Background: I’ve been a user of Philips Pronto remote controls since the original TSU-1000 was released in 1998. Since then, I’ve upgraded twice and I carefully consider each new product cycle. I’d become a bit disappointed because new product releases seemed to be “two steps forward and one step back.” (For example, the TSU7000/TSU7500 still does not have automatic backlights behind the hard buttons.) Also, Philips released a new product, the customer-installer-only TSU9600, a year ago but offered no third-party support for features or enhancements. All that has now changed.
A New Remote: The TSU9400 appears to be a consumer-focused upgrade to the existing TSU7500 that incorporates many features of the TSU9600. This is great news to the enthusiast crowd that has been neglected by Philips for the past couple of years.
Universal 2-way Scripting Support: The even better news the the announcement of ProntoScript, which will allows anyone to code 2-way control of any device, not just the 3 devices that were previously supported. There are hundreds of Home Theater devices capabale of receiving commands and providing status feedback (via RS-232 or Ethernet ports.) Now users of the newest Prontos will be able to create scripts to take advantage of these features. Personally, I’m looking forward to integration with Windows Media Center.
Are even more features available to third parties?
For those that don’t know, the newest Philips remotes and base stations are based on Linux. All of the source code is available for download at http://www.pronto.philips.com/index.cfm?id=1367 .
Would Hacking the firmware Help or Hurt Philips? According to BusinessWeek, it would help. If there are features missing, I’m hoping a motivated can resolve that limitation.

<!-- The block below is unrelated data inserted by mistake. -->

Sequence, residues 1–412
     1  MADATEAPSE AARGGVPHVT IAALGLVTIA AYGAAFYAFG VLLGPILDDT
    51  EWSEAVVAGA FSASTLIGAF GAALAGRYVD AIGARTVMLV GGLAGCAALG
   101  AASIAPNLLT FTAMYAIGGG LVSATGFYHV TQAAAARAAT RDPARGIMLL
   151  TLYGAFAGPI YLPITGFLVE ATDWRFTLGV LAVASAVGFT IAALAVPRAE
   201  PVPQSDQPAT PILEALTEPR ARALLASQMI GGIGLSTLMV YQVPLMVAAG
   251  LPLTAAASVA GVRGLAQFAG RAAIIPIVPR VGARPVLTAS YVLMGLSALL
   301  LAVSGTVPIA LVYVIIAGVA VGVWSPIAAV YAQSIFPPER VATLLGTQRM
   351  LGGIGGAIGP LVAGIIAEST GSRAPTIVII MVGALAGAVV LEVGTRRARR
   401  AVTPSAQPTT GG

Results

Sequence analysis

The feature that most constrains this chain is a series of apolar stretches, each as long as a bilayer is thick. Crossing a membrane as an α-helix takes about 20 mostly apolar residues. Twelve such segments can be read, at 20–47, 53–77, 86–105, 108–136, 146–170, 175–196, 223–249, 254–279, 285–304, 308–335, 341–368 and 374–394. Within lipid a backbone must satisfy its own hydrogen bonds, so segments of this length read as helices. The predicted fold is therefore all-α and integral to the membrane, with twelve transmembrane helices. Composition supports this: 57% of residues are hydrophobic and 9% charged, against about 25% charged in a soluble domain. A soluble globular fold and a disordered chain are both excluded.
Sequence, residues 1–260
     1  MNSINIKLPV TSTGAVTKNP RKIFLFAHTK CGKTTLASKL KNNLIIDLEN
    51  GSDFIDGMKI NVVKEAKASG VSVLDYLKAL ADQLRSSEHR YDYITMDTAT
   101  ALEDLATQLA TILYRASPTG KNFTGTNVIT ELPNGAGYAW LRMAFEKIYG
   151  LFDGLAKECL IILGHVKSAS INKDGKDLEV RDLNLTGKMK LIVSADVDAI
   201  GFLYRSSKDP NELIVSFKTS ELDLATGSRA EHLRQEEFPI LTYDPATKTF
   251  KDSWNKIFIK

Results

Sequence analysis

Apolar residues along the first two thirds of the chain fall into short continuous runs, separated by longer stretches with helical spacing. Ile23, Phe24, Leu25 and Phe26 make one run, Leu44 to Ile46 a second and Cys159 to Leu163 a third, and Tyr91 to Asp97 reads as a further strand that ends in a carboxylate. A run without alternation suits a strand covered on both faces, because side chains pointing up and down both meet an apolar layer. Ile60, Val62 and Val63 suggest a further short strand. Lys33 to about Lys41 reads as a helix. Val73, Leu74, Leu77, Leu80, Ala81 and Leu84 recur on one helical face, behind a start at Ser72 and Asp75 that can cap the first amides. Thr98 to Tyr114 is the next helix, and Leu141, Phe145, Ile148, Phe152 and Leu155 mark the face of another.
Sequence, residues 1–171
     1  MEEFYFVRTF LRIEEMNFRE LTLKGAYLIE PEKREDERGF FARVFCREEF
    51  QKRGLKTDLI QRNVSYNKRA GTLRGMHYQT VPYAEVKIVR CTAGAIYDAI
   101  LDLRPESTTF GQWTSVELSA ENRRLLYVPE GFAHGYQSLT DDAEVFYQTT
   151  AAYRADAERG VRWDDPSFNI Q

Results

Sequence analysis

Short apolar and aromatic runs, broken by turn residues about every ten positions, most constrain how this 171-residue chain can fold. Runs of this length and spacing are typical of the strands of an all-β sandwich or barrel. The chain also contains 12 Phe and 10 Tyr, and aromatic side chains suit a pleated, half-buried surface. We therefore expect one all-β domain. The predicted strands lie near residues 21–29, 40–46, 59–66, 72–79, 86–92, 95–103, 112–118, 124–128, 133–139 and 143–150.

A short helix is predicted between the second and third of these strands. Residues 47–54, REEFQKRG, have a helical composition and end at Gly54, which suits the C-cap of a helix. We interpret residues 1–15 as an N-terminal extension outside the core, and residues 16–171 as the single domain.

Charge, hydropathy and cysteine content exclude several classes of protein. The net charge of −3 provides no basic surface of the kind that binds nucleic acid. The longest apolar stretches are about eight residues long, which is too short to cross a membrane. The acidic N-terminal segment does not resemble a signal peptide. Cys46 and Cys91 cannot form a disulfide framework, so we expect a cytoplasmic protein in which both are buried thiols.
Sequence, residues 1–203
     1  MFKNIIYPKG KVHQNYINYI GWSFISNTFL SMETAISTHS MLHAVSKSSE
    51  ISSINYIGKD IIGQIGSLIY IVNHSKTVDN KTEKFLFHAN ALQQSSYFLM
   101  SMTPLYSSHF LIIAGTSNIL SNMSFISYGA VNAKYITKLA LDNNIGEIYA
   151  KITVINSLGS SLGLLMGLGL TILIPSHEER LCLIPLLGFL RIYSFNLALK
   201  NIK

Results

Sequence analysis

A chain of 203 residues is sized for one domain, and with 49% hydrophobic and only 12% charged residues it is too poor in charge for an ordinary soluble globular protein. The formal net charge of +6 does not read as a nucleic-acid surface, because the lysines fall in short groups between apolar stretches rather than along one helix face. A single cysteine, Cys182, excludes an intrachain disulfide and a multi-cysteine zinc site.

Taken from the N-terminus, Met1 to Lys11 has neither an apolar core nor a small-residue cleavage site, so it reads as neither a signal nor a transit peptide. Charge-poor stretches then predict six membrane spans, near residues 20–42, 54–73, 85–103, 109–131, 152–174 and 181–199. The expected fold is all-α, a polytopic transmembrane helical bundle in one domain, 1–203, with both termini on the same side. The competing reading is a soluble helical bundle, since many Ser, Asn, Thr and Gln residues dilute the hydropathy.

Excerpts from the “Hack This Product, Please!” article
Above all, this “collaboration generation” wants a two-way relationship with the brands they select. Our research reveals that 68% of young people surveyed in the U.S. and Canada are eager to help companies design their products and services.
The second change is that customers use the Web to create vast online prosumer communities, in which they share product-related information, collaborate on customized projects, engage in commerce, and swap tools, tips, and product hacks. What were once fringe activities—the preserve of the amateur electronics club—are increasingly conducted in open, public, easily accessible forums.
Finally, companies are discovering that “lead users”—people who push the limits of existing technology and often create their own product prototypes in the process—often develop modifications and extensions to products that will appeal to mainstream markets. In other words, lead users serve as a beacon for where the mainstream market is headed. Companies that learn how to tap the insights of lead users can gain competitive advantage.